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Ambassador Grew sent Pearl Harbor attack warning

Discussion in 'Pearl Harbor' started by DogFather, Dec 7, 2009.

  1. OpanaPointer

    OpanaPointer I Point at Opana Staff Member Patron   WW2|ORG Editor

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    How about reading "On the Treadmill to Pearl Harbor", it's more complete. Steely's spin is interesting, but limited to trying to prove a point instead of addressing the issues at hand.
     
  2. DogFather

    DogFather Member

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    That book was checked out, when I went to the local library. But my
    understanding is that it says about the same thing as Steely's book.

    Part of the book is on Google Books, but they leave out the good parts.
    What they do give ya that's good, is right next to the ad to sell the book.

    My understanding is that Richardson, was also critical of Adm Stark and
    waited till after his death, to publish the book. Richardson was a good
    navy man to the very end!
     
  3. Devilsadvocate

    Devilsadvocate Ace

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    I have to agree that the so-called "bomb-plot" message wasn't the "smoking gun" it's been made out to be.

    If Edwin Layton (who was Kimmel's intelligence officer, not Cmdr. Joseph Rochefort who was a code-breaker) had seen the message, he just as easily could have concluded that it was intended to gather intelligence facilitating local sabotage efforts against US Navy vessels. It did not necessarily indicate an air attack.

    The diplomatic decrypts (MAGIC) prior to Pearl Harbor did not yield a single unequivocal clue to the Japanese intentions regarding Pearl Harbor. That is because the Purple code was used by diplomatic personnel, none of whom were even aware of the Japanese Navy's plan to attack Pearl Harbor.
     
  4. Tristan Scott

    Tristan Scott Member

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    I din't say anything about a "smoking gun" and niether did the author of the paper I quoted. It was however intel that should have been shared with Hawaii-to infer that it was just tourist info, as OP has done, is not serious- that is as silly as any conspiracy theory.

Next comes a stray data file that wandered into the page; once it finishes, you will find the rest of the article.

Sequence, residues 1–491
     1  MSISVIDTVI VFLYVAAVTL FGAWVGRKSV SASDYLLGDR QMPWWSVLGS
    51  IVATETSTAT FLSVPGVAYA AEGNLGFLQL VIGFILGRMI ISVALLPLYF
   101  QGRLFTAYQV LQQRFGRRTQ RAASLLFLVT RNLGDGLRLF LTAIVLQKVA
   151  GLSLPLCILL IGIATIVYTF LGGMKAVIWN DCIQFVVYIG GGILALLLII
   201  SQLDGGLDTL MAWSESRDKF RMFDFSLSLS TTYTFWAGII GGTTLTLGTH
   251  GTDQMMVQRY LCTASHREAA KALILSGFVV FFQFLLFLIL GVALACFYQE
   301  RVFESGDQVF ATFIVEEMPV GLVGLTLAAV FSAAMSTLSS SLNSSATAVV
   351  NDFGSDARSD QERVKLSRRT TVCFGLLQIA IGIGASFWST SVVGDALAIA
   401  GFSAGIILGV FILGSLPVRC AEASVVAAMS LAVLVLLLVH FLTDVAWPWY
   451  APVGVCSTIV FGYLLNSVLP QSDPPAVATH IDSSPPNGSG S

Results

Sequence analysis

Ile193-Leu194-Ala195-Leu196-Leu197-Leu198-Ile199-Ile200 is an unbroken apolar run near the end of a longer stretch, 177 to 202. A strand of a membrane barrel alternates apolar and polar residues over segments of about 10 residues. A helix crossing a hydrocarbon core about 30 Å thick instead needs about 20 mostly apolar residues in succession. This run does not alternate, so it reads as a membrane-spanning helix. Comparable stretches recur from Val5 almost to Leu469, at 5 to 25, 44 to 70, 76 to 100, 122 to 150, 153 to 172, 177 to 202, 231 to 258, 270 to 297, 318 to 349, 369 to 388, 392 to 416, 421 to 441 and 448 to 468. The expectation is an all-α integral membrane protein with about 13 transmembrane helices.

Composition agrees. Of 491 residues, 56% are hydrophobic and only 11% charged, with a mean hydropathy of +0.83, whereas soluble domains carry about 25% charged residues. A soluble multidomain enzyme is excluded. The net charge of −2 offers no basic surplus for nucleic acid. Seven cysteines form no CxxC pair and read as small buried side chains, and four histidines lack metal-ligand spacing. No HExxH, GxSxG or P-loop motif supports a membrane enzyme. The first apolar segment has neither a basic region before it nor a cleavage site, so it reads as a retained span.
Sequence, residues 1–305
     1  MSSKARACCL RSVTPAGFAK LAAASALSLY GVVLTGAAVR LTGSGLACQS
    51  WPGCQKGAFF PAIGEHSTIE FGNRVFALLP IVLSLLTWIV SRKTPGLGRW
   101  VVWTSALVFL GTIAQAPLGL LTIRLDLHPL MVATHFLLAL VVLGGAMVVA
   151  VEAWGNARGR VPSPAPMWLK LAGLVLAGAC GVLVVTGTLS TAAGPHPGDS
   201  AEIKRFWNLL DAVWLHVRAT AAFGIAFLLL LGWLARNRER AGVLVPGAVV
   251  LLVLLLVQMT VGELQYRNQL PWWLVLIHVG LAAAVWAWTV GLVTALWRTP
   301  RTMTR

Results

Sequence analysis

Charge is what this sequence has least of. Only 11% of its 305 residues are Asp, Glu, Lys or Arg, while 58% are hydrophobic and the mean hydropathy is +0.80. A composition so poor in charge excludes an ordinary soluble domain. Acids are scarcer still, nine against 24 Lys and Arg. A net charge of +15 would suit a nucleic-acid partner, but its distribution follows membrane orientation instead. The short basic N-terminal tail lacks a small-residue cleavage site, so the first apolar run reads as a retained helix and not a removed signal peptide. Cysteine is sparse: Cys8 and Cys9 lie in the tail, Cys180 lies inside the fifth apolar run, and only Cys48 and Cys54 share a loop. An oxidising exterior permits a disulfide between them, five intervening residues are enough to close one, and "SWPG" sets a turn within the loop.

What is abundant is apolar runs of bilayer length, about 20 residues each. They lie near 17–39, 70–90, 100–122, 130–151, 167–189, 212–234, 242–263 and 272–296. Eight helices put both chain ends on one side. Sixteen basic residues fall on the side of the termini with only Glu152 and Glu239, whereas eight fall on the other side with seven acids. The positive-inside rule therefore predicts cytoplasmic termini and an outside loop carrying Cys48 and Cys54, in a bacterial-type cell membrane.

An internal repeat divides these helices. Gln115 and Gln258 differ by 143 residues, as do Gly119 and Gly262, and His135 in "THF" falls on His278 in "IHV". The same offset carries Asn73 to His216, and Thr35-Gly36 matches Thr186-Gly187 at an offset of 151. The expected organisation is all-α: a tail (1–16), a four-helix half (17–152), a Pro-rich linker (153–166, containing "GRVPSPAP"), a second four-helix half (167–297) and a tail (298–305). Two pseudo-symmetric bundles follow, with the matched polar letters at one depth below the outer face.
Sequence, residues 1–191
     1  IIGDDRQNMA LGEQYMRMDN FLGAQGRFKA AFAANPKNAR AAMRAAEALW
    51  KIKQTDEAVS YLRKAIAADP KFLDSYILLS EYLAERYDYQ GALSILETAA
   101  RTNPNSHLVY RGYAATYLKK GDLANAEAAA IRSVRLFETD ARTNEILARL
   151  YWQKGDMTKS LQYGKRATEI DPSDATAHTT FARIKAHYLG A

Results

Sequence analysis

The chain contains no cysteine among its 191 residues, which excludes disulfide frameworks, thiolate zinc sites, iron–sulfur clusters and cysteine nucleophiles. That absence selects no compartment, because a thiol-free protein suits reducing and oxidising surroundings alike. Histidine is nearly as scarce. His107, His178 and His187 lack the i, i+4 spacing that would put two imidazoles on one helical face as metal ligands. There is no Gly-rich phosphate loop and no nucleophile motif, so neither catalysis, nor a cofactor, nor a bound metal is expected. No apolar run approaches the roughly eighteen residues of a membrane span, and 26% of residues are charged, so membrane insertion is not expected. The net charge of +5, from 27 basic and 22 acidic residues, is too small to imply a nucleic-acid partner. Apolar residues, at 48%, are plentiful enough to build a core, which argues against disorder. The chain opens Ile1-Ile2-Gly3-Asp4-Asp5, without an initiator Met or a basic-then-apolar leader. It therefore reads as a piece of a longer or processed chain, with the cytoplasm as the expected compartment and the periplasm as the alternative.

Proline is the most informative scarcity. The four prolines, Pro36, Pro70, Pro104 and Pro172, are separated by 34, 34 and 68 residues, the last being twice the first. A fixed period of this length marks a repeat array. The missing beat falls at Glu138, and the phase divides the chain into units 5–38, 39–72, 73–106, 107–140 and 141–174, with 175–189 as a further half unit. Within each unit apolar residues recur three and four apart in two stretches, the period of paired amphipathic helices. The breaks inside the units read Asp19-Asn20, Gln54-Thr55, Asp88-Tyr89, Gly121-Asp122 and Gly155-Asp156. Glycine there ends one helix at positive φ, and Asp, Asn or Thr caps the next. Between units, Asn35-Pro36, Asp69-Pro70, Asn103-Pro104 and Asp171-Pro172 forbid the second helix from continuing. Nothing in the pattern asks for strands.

I'm sorry, I guess I assumed the posters here knew that Layton had brought Rochefort to Hawaii because of his understanding of Japanese-not just the language, he was an expert in the principals involved as well-he knew of the Japanese Naval high command as well as anyone in the Navy.
    I believe that had the intel been shared with him it would have been cause for alarm. The fact that it wasn't shared had nothing to do with any conspiracy BS, it had to do with turf. This intellegence breakdown was similar to the intel breakdown we experienced prior to 9/11-one agency was not sharing intellegence with other agencies.

    I believe the posters here should all quit with all the conspiracy crap. There is no evidence of any conspiracy by the administration in any of this. Everything I have ever seen written that has attempted to try to paint a picture of conspiracy within the Roosevelt administration in regards to PH has not passed the evidence test. It is all conjecture. I assume we all know what that means.

    However, there is evidence that intellegence was gathered that was not shared with the commanders in Hawaii. Now we can argue till the cows come home about how it would or would not have helped them on Dec. 7th, but the fact is we do not know because it wasn't shared.
     
  5. Devilsadvocate

    Devilsadvocate Ace

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    Sorry, the term "smoking gun" is mine; I meant it to denote a piece of evidence that unequivocally points to a definitive conclusion. My point was that the "bomb plot" message wouldn't necessarily have led either Layton or Rochefort to a definite conclusion, and might well have reinforced what seemed to be a predisposition to accord too much weight to the threat of "fifth columnists".

    My understanding is that Layton became Kimmel's intel officer only in 1941. Rochefort was sent to Hawaii by Laurence Safford in early 1941 to establish the Hypo code breaking station. A far as I know Layton had nothing to do with Rochefort being in Hawaii. In any case it was Layton's responsibility to keep Kimmel informed of intel matters.

    I think it is too early to make any accurate determination of what went wrong in the 9/11 attack. In many case, it's not something that bears on WW II and I won't discuss it for that reason.

    Agreed. A lot of people made mistakes leading up to Pearl Harbor, but nothing I have ever read convinces me there was any kind of conspiracy.

    There is good and sufficient reason for not broadcasting intelligence data on a widespread basis. It is my belief that Layton, Rochefort, Kimmel and Short got everything they needed to prepare an adequate defense of Pearl Harbor. They simply failed to do so despite being warned of the imminence of war. They weren't the only ones to fail; MacArthur botched his defenses even after he had hours of warning and knew without any doubt he would be attacked.
     
  6. Tristan Scott

    Tristan Scott Member